FOREWORD/WARNING:

My "best-selling" upload to a Compuserve Library (the
Latter Day Saint Section library in the Religion Forum) of
all time is a file called SEX WAVES.  I am sure the
hundreds upon hundreds of people downloading this file
were disappointed with its content.

Its title, given that so many people search for the word
"sex," is what caused its popularity, not its content.  Its
content is very specific to an article in a Mormon journal,
hence its context is Mormon.  That probably turned most
readers off for starters.  What the upload says in essence is
that there is hypocrisy and spiritual injustice in the stance
taken by this (and other) churches in requiring that
unmarried persons be celibate.

But the real value of the upload, I believe, is in its suggestion
that it is exactly the morbid focusing on sex as a heinous sin
that gives that "sin" power over us.  That is where the title
comes in, and to explain it here would mean you won't read
on.  So cheat and read the conclusion already!

Here is where the Compuserve library version begins:

DIALOGUE 24:4 has a pulpit pounding message by Robert
A. Rees that suggests singles have celibacy as a cross to
bear.  The way the article used love and fear and guilt to
enforce singles' celibacy rang so many of my chimes that I
wrote a letter to the editor that was not used by
DIALOGUE.  I submit it to this forum with the hope that it
may be helpful to some, and at least thought-provoking to
the others who may disagree (and many have let me know
they disagree, which is fine, I am not attempting to convert
anyone to being me instead of who they are).  --abe--

                                   SEX WAVES

     Robert A. Rees' pulpit-message on sex and singles is
going to be responsible for some miserable marriages based
on guilt and fear and the urge to make amends for offenses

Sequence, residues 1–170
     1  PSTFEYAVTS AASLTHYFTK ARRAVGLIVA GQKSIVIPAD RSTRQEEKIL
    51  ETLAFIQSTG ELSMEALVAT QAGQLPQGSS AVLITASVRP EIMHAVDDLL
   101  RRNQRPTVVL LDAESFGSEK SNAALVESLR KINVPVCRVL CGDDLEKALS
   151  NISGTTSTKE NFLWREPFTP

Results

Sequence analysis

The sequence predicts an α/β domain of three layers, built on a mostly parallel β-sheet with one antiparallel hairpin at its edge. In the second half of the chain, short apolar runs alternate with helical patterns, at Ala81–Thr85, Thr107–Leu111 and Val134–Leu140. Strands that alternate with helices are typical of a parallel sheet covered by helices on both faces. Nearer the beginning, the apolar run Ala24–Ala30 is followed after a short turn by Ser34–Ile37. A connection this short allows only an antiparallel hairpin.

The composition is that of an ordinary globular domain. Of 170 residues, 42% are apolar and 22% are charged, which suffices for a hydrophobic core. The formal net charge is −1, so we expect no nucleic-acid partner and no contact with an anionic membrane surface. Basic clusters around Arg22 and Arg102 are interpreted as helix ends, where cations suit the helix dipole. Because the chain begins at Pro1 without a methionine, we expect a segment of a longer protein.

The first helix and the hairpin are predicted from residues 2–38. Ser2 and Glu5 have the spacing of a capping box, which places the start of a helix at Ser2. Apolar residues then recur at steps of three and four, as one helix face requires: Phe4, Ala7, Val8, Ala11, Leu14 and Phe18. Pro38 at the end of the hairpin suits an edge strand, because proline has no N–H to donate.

against God.  Rees protests 'love' and in its name pours
down the flaming pitch of guilt and fear: illicit sex will
remove your priesthood, will diminishe your self-respect,
will lower your standing with God, and will deny you sexual
privilege in the eternal world.

Rees ensures that a believing Mormon single will be
miserable, unless celibate.

Rees' basic message is OK: deploring the use of others for
gratification as callous, dangerous if unprotected, and not
likely to lead to bonds of soul-satisfying intimacy.  But the
wrappings are hateful and simple-minded: they are hateful
in that they ensure severe anxiety in believing, but sexually
active singles.  They are simple-minded in that they fail to
satisfy the demands of logic.  For one example of ill logic,
Rees' message makes it unlikely that a believing single
person in his flock (he is a Mormon Bishop, leader of a local
congregation) will be engaging in premeditated sexual
activity.  Yet Rees deplores a 90% rate of failure to use
protective measures that he has discovered in his
inquisitorial routine!

Rees' love-gift of flaming pitch is disguised in
'happy-doctrine.'  Even a start at a contrary opinion is
quashed as a revelation from that bodyless sex-fiend Satan.
Happy-doctrine says that Joseph Smith (first Mormon
prophet, and founder) and God said sex was OK, if used
within bounds.  Satan, on the other hand, tells us the bounds
are obstacles to our happiness.  Many are seduced and
will find themselves eternally celibate, like Satan.  Did it
ever occur to Rees that perhaps it is biology that designed
and created sex as a force for ensuring a propagating
species?  Even in Mormon theology, such as it is, God is
Father because sex already existed.  As to Satan, could it be
that he is no more nor no less than the chemical systems of
the sexual adult of the species, conspiring for the
continuance of the race?  Rees correctly observes that man
ruthlessly exploits this universal urge, to make money.  That
is evil, but it requires neither a loving God at a "Priesthood
On/Priesthood Off" switch (all Mormon males are eligible
and expected to be part of the lay priesthood that runs the
church), nor a vicariously lusting Satan, both watching
couples grope and rooting for opposite outcomes.